Did I mention that we are very excited to be contributing to UCL’s Bentham Transcription Initiative. This is an AHRC-funded project to complete the digitisation of the manuscripts of 18th Century philosopher Jeremy Bentham, and transcribe them using a wiki-based collaborative approach. It is being run by the Bentham Project at UCL, with support from ourselves and UCL’s newly-launched Centre for Digital Humanities. You can read an overview of the project on Melissa Terras’s blog.
Obviously, transcription of manuscript materials is an important digitisation activity that can rarely, if ever, be left to computers, in the way that printed texts can be, using OCR. But it’s painstaking and laborious work, and anything that eases the burden is welcome.
The project is already throwing up some very interesting conversations about transcription. At ULCC we have thought about transcription before, particularly with regard to our ongoing work for the Linnean Society archives, and we hope that there will yet be synergies to exploit. It is a great feeling to be so closely involved with disseminating the work of two such seminal figures as Linnaeus and Bentham.
We’re not naïve enough to think that collaborative web-based transcription is new, but we’ve yet to find any substantial comparable examples. A comment on UCL’s Digital Humanities blog teases us with the prospect of information about other similar projects, but fails to provide even a single link or hint, so is effectively useless: hardly in the collaborative spirit! A more useful lead was Joanne Evans’ link to the National Library of Australia’s Australian Newspapers project, which is crowdsourcing the proof-reading and correcting of OCR outputs, and has an impressive-looking site – I’m sure we’ll be borrowing some ideas from there.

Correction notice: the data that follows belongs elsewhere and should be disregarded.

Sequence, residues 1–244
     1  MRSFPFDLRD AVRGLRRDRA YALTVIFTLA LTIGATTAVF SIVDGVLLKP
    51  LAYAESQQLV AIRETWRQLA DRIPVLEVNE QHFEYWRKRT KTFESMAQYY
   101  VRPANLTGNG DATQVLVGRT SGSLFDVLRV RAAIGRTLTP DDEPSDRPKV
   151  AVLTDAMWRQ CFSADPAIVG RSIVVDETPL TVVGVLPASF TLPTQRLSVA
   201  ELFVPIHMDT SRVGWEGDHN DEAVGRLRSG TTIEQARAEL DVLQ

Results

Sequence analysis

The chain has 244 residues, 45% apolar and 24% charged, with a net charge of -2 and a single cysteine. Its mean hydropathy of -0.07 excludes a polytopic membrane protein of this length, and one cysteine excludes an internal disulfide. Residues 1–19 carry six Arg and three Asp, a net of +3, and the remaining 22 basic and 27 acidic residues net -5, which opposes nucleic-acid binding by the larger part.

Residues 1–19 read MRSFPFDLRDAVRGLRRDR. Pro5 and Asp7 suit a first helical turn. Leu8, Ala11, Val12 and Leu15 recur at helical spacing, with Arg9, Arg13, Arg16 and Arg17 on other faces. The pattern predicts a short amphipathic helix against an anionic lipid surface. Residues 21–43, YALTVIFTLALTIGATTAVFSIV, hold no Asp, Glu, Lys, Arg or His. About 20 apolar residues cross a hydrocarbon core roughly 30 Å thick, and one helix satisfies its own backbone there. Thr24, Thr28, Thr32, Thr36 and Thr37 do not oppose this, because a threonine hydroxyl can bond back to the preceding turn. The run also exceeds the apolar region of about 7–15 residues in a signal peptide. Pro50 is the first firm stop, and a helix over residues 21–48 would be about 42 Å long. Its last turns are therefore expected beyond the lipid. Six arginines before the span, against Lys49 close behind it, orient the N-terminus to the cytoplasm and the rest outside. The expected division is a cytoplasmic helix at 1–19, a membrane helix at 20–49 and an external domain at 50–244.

Another useful lead has been from Ben Brumfield of Austin, Texas, directing us to his blog about collaborative manuscript transcription which has been going even longer than DA Blog, and looks like it’s going to make interesting reading. Ben’s recent blog post about a distributed transcription exercise of the US Geological Survey’s Bird Phenology Program includes a link to a training video for volunteers (it even sounds like it’s been recorded in a birdhouse). In the video we can see a database-form approach to transcription, which is particularly appropriate for transcribing data already entered on structured forms.
For more heterogeneous and free-form texts, such as the Bentham manuscripts, wikis seem to me much more appropriate, being in essence discrete hypertext engines. As for collaborative features, MediaWiki in particular has strong and proven features: there can be few better advertisements for effective virtual, global collaboration and crowdsourcing than Wikipedia.
One thing that is particularly compelling about the BPP video is that it is an excellent example of a thorough approach to online collaboration, giving clear and unequivocal guidance to contributors. Now that screencast tools are so readily available, it’s clear that for many activities like this, video-based instruction is the ideal tool, and often preferable to any number of written instructions. No less than for online teaching and learning environments, the need for effective induction and inclusive management of the online community must never be overlooked.